So, you build engines from shiny, new metal parts? That would make you a mechanic or an engineer. You build them from bits of old engine? A game show candidate, maybe? Engines from bamboo and coconuts, you say? Why, hello there, Gilligan. You build engines from birds? Then… um… I don’t know… I guess you’re about to receive an angry visit from PETA, if not the police. You’re also a peerless genius of a mad scientist. Or you might just be playing Wingspan, an engine building game by Elizabeth Hargrave and this year’s Kennerspiel des Jahres winner.Read more
Year2018PublisheraleaAuthorStefan FeldPlayers2 – 4Age10 – 199Time45-75StrategyLuckInteractionComponents & DesignComplexityScoreCarpe Diem. The fish of the day, as they say in Latin. It’s an[…]Read more
Lama is the German word for llama. No big conceptual leap there. L.a.m.a. is, at least in Reiner Knizia’s vocabulary, an abbreviation for “lege alle Minuspunkte ab”. Discard all minus points. You could translate the title by its abbreviation, but then an eventual English edition would be called D.a.m.p., and whatever depiction you pick for that would be much less adorable than the crazy llama L.a.m.a. has. And so the international publishers have stuck with the adorable tylopod.
Linguistics lesson aside, L.a.m.a. is a small box card game that is nominated for the Spiel des Jahres this year. Not at all bad for a relatively simple shedding game and worth a look what makes it special.
Year2018PublisherRepos ProductionAuthorLudovic Roudy, Bruno SautterPlayers3 – 7Age8 – 199Time20StrategyLuckInteractionComponents & DesignComplexityScoreIt’s often one little twist that makes the difference between yet another[…]Read more
Year2018PublisherHorrible GamesAuthorHjalmar Hach, Lorenzo SilvaPlayers2 – 6 (12)Age8 – 199Time20-30StrategyLuckInteractionComponents & DesignComplexityScoreIt’s hard to miss, the roll-and-write renaissance is in full swing.[…]Read more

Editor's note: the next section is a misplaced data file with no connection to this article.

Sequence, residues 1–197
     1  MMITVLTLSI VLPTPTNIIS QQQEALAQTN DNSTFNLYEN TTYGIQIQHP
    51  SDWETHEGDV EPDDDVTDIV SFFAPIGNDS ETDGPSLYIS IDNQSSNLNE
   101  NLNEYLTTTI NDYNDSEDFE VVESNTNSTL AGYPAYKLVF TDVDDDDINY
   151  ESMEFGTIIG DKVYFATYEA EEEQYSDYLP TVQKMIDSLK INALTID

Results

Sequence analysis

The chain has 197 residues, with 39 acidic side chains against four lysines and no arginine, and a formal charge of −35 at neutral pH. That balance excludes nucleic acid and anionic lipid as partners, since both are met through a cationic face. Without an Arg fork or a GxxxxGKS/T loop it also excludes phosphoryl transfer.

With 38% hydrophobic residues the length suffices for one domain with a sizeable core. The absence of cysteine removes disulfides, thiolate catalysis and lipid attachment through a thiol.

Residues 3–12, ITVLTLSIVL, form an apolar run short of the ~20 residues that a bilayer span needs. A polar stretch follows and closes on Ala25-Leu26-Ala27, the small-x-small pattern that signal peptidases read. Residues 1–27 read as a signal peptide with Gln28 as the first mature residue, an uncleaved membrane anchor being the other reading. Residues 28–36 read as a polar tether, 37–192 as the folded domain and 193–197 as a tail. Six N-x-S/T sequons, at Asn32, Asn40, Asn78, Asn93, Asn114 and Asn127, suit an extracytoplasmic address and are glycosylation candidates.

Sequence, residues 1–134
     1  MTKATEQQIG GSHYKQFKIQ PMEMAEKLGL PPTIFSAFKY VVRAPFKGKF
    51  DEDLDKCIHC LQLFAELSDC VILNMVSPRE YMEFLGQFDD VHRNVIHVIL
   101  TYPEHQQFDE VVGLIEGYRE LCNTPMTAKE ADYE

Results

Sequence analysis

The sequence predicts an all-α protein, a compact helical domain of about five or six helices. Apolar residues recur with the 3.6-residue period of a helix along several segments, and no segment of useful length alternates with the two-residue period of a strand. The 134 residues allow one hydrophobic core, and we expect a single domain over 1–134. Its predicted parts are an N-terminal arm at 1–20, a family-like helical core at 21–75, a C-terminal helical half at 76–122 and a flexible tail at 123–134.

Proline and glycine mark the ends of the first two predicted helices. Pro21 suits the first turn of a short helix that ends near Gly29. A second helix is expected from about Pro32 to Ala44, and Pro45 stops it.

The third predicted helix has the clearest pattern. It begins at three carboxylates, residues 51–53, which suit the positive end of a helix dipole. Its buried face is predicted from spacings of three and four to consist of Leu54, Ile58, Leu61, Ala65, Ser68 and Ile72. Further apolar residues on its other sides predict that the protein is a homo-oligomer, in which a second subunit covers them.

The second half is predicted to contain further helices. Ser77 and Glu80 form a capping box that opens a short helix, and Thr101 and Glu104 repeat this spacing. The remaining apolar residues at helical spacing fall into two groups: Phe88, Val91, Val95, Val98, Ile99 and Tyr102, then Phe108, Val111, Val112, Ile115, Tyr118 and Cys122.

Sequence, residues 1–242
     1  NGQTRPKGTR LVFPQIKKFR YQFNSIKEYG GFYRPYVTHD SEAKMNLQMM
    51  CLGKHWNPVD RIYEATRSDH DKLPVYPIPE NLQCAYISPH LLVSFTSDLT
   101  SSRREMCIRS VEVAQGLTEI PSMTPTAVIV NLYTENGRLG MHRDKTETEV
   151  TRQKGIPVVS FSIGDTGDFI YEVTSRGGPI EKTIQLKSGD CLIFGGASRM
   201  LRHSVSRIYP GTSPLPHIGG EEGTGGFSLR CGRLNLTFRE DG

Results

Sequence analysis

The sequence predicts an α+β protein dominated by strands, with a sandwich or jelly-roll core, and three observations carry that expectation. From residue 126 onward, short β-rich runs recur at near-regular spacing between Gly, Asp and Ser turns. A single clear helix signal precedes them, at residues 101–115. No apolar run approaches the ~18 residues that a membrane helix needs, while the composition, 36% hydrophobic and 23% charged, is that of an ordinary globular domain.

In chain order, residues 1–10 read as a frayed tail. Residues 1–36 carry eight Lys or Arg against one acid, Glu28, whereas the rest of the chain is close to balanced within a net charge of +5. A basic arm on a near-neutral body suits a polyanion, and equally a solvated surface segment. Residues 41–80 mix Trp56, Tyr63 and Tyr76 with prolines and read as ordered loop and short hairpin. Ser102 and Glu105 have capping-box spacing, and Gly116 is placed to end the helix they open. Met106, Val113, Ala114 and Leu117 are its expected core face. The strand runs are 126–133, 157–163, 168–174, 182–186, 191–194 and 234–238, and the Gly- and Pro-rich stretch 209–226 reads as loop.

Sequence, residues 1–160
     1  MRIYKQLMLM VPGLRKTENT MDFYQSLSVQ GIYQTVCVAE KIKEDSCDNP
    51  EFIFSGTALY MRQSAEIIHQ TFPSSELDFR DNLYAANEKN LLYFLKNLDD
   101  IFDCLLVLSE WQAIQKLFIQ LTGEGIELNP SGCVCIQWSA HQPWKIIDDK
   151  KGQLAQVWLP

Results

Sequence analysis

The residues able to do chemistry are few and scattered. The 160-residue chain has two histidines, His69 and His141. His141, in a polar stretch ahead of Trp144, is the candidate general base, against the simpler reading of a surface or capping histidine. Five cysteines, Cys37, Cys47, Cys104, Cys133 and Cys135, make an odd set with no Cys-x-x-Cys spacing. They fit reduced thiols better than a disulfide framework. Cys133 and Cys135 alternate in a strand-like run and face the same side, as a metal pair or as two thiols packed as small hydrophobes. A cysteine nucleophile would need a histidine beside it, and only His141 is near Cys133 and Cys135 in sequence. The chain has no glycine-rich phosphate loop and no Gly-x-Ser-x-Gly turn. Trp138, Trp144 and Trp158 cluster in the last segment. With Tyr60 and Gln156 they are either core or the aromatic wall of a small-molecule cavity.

Here we go once more. Better a few days late than never, right? The Spiel des Jahres nominations were, at[…]Read more
Unbelievable! I get sick for a couple of days and the Spiel des Jahres jury inconsiderately publishes this year’s nomination[…]Read more
I admit, there are wide ranges of modern art I don’t get. If you put a piece of butter in a corner you shouldn’t complain when the cleaners remove it. And if you want to pass a picture of a trumpet as a masterpiece, at least write Ceci n’est pas une trompette below it. I don’t want to belittle the choice of artwork in Belratti, but if your paintings are realistic depictions of everyday objects then you don’t get to complain about forgeries.
Art forgery is what Belratti by Michael Loth, winner of the Hippodice Game Contest, is about. The players in the cooperative party game are painters and curators. Curators ask for paintings to be made, the painters provide them. The famous forger Belratti smuggles his own works into the selection, and it’s on the curators to unmask his dastardly works.Read more
One amazing thing games let us do is explore worlds of imagination. Space ships traveling to distant stars are just as possible as dragons or old gods walking the Earth. I can’t think of any game that stretches the borders of imagination as far as Tsukuyumi.
On the surface, the world of Tsukuyumi used to be just like ours. Like Earth, that is. One difference, though – or at least I hope it’s a difference. Thousands of years ago, the white dragon god Tsukuyumi was trapped in the center of the moon by his brothers and sisters. There he lay, plotting, planning, until one day he broke free of his lunar prison by crashing into the Earth. The devastation was absolute. Continents shattered. Mountains crumbled. Oceans fell try. Animals, plants, and especially humanity paid a heavy toll. And amidst all this destruction Tsukuyumi and his army of Oni warriors stand to recapture what was once theirs.
After three games around the North Sea – Explorers, Raiders, and Shipwrights of the North Sea – designer Shem Phillips wanted a change of direction. Literally. So him and co-designer S J Macdonald went to the West Kingdom. The first game in this new trilogy is Architects of the West Kingdom, the sequel Paladins of the West Kingdom was just funded on Kickstarter, we don’t know the title of the third game yet.
The West Kingdom is the 9th century Carolingian Empire, and in the first game the players are architects – don’t act surprised now – construct landmarks and cathedrals for the king.Read more